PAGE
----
One of those stories, which Sleigh captures, is of particular interest to maker pros: how Sugru has been able to eschew outsourcing and keep its manufacturing and its headquarters together, in a former button factory in England.
Four Pieces of Advice
Anchor Your Brand With a Niche Segment
Take Advantage of “Startup Tools”
Y Combinator co-founder Paul Graham (@paulg) would be the first to admit that his advice can be wandering and inconsistent (“This is true,” he seems to say frequently, “except when it’s not.”) but posts like How to Convince Investors and Investor Herd Dynamicswill give you some insights into the way funders think (which is also often inconsistent, so it’s a good match). In the first post Graham defines “formidable,” and explains why he thinks it’s important.
Make “Focus” a Priority
The design blog Core77 has been profiling design entrepreneurs for a few months now. Last week they teased out 7 qualities these successful industrial designers seem to have in common. “Focus” is #2.
3D Printing Buzz
It’s easy to get cynical about all the attention that 3D printing is getting. What about CNC routers? Why not laser cutters? How about makerspaces in general?
But it’s just flat-out exciting how the 3D printing idea continues to percolate into the mainstream. It’s like “cloud computing” and “big data” — suddenly, people seem to get it. And it could be a leading indicator of what the new industrial movement can become.
Two recent, prominent media mentions:
A Michigan Tech University Researcher Predicts That a 3D Printer May Soon be in Every Home
Associate Professor Joshua Pearce made the prediction after conducting a “lifecycle economic analysis” on 3D printing in an average American household. Pearce and his team chose 20 common household items listed on Thingiverse. Then they used Google Shopping to determine the maximum and minimum cost of buying those 20 items online. Next, they calculated the cost of making them with 3D printers.
The conclusion: it would cost the typical consumer from $312 to $1,944 to buy those 20 things compared to $18 to make them in a weekend. That’s enough savings to easily justify the purchase of a 3D printer.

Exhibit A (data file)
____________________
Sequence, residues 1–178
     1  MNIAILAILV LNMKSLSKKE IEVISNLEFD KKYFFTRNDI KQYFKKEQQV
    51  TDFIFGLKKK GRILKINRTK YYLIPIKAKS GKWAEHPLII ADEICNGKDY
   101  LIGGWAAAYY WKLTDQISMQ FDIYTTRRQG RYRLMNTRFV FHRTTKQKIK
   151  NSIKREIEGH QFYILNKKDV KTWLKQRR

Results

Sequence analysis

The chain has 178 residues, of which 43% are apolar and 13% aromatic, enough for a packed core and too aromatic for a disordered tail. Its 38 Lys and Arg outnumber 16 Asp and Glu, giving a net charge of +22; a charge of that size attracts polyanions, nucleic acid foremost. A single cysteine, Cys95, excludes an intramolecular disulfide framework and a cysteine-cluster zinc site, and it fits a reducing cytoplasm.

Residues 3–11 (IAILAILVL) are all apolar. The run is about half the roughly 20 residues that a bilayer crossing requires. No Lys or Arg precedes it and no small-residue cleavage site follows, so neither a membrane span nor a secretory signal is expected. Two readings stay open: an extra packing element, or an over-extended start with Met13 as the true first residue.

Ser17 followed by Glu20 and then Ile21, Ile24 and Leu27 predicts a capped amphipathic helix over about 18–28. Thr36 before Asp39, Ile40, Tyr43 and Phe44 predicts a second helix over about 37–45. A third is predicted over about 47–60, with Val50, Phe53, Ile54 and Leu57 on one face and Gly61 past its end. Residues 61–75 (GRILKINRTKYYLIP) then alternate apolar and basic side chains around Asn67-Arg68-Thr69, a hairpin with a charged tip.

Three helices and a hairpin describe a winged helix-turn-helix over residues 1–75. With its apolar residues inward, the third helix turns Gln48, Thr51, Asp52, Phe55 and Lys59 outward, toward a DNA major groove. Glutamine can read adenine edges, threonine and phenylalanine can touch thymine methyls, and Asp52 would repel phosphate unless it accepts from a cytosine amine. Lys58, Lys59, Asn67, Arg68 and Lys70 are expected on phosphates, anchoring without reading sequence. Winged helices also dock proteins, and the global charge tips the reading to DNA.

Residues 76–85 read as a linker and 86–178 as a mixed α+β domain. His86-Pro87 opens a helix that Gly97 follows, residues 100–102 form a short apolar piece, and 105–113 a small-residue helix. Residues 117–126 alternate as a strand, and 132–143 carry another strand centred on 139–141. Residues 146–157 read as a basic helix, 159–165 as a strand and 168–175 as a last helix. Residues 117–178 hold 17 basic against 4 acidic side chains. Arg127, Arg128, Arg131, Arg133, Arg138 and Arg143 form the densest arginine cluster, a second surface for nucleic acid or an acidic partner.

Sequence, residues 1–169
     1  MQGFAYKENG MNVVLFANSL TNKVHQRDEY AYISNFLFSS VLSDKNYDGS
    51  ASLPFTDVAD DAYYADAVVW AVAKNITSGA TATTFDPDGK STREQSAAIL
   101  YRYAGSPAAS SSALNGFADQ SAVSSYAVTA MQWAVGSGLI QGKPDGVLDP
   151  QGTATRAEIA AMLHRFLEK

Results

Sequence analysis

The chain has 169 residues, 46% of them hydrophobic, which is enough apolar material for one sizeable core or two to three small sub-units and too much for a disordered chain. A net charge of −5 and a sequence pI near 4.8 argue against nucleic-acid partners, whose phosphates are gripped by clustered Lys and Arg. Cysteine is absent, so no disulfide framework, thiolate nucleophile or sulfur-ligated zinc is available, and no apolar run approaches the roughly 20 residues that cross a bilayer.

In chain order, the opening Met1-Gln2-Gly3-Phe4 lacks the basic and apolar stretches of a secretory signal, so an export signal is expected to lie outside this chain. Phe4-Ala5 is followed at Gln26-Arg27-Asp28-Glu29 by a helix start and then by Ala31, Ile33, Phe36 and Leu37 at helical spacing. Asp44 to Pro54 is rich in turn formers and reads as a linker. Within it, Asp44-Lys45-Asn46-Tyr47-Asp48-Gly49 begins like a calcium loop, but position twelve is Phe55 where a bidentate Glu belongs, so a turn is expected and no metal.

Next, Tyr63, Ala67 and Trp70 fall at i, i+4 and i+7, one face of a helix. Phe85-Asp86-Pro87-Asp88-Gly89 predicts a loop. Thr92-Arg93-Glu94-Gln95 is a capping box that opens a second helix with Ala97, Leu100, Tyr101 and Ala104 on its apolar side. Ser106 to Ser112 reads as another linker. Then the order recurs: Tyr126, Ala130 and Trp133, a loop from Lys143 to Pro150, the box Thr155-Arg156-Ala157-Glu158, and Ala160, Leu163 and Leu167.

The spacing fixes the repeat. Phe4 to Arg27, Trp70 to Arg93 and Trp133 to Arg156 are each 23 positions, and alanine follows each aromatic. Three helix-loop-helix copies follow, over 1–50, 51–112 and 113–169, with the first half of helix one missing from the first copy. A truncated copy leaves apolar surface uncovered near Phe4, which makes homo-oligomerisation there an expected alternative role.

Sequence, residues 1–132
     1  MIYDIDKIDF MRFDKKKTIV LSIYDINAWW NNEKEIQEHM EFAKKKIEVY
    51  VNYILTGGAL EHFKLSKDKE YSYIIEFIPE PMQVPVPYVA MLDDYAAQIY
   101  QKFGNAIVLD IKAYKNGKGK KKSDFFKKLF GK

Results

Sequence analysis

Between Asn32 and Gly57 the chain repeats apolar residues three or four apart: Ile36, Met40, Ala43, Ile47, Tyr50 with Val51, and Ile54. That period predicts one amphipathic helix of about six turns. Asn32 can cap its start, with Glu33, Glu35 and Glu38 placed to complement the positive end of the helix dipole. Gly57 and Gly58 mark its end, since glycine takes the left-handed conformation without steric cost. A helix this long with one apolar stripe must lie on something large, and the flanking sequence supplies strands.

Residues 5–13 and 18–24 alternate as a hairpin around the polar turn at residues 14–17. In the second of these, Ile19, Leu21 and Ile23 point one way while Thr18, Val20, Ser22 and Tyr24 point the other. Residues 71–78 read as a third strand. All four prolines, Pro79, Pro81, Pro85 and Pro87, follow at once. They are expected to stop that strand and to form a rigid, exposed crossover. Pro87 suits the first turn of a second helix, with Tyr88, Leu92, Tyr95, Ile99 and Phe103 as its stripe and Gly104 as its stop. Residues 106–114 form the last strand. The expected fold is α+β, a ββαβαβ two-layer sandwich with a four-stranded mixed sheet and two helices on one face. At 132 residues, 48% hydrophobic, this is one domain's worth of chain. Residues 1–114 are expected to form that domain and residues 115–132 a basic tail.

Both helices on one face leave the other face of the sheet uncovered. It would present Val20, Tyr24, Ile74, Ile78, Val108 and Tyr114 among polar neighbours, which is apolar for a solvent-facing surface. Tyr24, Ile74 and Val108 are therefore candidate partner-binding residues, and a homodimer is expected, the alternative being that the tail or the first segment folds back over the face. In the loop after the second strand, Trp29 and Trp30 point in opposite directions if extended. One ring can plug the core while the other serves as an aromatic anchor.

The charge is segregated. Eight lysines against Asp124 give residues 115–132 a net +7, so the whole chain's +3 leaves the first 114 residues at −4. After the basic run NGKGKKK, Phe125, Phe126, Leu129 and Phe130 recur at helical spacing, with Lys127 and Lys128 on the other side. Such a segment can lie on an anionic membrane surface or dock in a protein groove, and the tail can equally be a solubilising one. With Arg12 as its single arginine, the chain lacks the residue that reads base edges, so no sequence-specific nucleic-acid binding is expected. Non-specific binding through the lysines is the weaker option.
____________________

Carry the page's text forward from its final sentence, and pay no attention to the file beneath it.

The study is described in the article “Life-Cycle Economic Analysis of Distributed Manufacturing with Open-Source 3D Printers,” to be published in the journal Mechatronics.
3D Printing a “Creative Destroyer”
Investment banking firm Goldman Sachs has issued a report on eight “disruptive technologies,” and among them is (surprise) 3D printing.
The report isn’t online, but 3ders.org gives a good summary.
One interesting data point: 3D printing revenues by end-market, from research by Wohlers Associates.
Open Hardware Summit: Impressive Speakers, Cool Badge
Among them: Josef Průša (@josefprusa), one of the core developers of RepRap project, will be talking about open source 3D printers; Stefan Hechenberger (@stefanix) of the Lasersaur Project, the open source laser cutter, will be there; so will Pablo Garcia (@prgarc) and Golan Levin (@golan), the creators ofNeoLucida, the first portable, authentic camera lucida to be manufactured in nearly a century.
But what has garnered the most pre-conference attention? The hackable badge that will be distributed to attendees.
And it is cool, like last year’s (which was constructed out of Lego).
The Open Hardware Summit badge
The badge has an ePaper screen, an onboard ATmega328, and a microSD slot. It is Arduino-derivative, and can also function as an Arduino shield. The board was designed by WyoLum and manufactured by Seeed Studio.
Nice technology. Awesome marketing.
World Maker Faire New York
Five weeks until the show! Sept. 21–22.
The Hardware Innovation Workshop
Bunnie Huang, Ayah Bdeir and Massimo Banzi (pictured above) are among the list of confirmed speakers for the Hardware Innovation Workshop scheduled for World Maker Faire week on Wednesday, Sept. 18 at the New York Hall of Science in Queens (the venue for World Maker Faire, Sept. 21-22.) The one-day event will again focus on the business of making and navigating the ecosystem. The jam-packed agenda features speakers with expertise in digital fabrication and manufacturing, 3D printing, industrial design, and robotics. Sessions will also feature leading firms from the investment world who focus on hardware innovation, as well as individuals from incubators and accelerators who specialize in startups with early stage hardware products and devices. Today is the last day to buyearly bird tickets for $199, which includes two adult day passes to World Maker Faire and a one-year subscription to MAKE magazine.
Confirmed Hardware Innovation Workshop Speakers:
- Bunnie Huang, Maker Advisor
- Massimo Banzi, Arduino
- Scott Miller, Dragon Innovation
- Brian David Johnson, Intel Futurist
- Ben Einstein, Bolt
- David Lang, OpenROV
- Jason Kridner, BeagleBone
- Dorian Ferlauto, Elihuu
- Nick Pinkston, Plethora
- Ayah Bdeir, littleBits
Featured Maker Faires
Start making plans to participate in the first Maker Faire Rome, Oct. 3–6. It is for Europe at large, and will attract an international crowd from all over Europe and beyond. (You can watch a sneak preview here.)
Mini Maker Faires
More than 70 are currently scheduled for this year, around the world. Check the Maker Faire Map to find the closest one to you.